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Nov 2015: 7 / Nov 2016: 1 Dec 2015: 2 / Dec 2016: 10 Jan 2016: 2 Feb 2016: 1 Mar 2016: 2
Since 1992 we’ve averaged 23.3 breaks or repairs per year. In 2015 we had 23 breaks; in 2016 we also ended with 23.
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We are not able to say with certainty the exact cause of most water main breaks. We do know that there are several factors that contribute to water main breaks: age of pipe, type of pipe, soil and construction conditions when the pipe was installed, and temperature.
Pipe age and type: We find that post World War II cast iron pipes in our system made between 1945 and 1955 have a higher occurrence of failure. Cast iron pipes accounted for 70 percent of our repairs and breaks since 1992, but made up 80 to 85 percent of our repairs and breaks in the past five years. Other cities with similar pipe vintage have similar pipe failure rates.
Temperature: As temperatures move in and out of freezing, it’s not uncommon to see breaks occur.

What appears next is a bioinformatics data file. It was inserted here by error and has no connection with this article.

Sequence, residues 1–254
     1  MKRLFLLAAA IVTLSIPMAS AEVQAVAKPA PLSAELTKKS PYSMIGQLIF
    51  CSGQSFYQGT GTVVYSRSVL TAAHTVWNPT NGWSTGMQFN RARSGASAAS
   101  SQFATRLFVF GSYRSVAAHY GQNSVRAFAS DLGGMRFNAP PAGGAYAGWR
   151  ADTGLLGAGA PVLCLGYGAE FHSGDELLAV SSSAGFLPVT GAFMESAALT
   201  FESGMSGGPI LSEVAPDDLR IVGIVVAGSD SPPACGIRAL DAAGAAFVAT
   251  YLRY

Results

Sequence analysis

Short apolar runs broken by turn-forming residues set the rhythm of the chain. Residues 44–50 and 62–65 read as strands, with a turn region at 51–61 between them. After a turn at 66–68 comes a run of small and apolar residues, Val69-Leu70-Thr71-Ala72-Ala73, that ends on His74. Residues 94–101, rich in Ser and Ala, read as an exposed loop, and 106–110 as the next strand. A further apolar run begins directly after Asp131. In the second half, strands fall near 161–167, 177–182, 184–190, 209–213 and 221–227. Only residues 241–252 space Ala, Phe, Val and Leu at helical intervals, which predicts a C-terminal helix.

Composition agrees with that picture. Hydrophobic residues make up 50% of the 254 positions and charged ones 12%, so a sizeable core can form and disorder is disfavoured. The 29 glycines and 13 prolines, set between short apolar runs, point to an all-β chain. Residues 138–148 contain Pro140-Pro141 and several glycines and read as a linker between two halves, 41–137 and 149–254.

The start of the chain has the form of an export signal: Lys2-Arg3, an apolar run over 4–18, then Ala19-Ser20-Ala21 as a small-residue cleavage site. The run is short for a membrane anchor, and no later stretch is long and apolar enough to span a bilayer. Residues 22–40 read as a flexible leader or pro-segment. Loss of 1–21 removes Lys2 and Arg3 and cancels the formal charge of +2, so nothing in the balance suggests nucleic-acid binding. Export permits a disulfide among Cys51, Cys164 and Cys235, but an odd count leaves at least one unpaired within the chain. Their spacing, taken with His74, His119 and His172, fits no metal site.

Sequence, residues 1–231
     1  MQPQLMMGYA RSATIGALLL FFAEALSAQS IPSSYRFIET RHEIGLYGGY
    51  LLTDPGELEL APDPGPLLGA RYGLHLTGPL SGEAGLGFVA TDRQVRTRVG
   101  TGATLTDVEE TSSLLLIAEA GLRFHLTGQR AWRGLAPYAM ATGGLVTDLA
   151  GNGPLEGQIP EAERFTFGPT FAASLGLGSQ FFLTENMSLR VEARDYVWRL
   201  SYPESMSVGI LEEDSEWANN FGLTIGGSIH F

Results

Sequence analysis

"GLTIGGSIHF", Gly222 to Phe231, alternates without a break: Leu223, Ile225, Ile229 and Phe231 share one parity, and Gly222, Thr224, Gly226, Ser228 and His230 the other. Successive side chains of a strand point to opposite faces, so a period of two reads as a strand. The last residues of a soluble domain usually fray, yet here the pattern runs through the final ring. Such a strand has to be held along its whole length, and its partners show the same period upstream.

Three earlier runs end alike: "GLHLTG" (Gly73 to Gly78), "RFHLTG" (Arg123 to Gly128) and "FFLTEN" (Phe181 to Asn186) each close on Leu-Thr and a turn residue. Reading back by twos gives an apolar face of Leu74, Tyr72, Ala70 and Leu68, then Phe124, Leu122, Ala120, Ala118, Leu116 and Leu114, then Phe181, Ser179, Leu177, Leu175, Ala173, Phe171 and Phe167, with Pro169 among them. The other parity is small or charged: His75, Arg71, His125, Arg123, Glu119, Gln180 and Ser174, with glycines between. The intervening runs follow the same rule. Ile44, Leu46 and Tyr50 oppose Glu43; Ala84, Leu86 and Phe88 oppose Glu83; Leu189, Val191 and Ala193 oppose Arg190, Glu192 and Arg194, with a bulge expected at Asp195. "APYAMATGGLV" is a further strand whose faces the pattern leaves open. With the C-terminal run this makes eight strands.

Depending on the type of break, it may be repaired or a section of pipe may be replaced completely. Once the break is repaired or replaced, crews will backfill the excavated site, pouring fill material from a dump truck and evenly distributing and compacting it on the work area. We will watch the repair site for a couple of days, and, then Streets crews will restore sidewalks and road surfaces to original condition. Cleanup of debris on yards and roadways is usually the same day as the break, provided we do not have freezing conditions.
The water in the pipe gets flushed through and is then disinfected for delivery. We do have a distinct process for bringing a main back in service to meet our water quality and purity standards. We flush and also provide contact time with a chlorine disinfectant. We will not reopen customer services until our water has no turbidity and meets the appropriate water quality standards.
The Public Works budget accounts for the need to staff unexpected events. The nature of our work involves responding to unplanned circumstances that demand immediate attention. Crews are accustomed to responding on an on-call basis.
The City has a two-prong plan to proactively address potential water main breaks. We gather and analyze data on main breaks to project what sections show a propensity to break and prioritize replacement based on that. Our Maintenance division performs routine pipe replacement, blocks at a time and uses city crews and small works contractors. Our Engineering division develops those projects with a larger scope, fitting them into our Capital Improvement Program. The current Water Main Q project from Pacific to 35th on Broadway Avenue is an example of one of these larger water main replacement projects.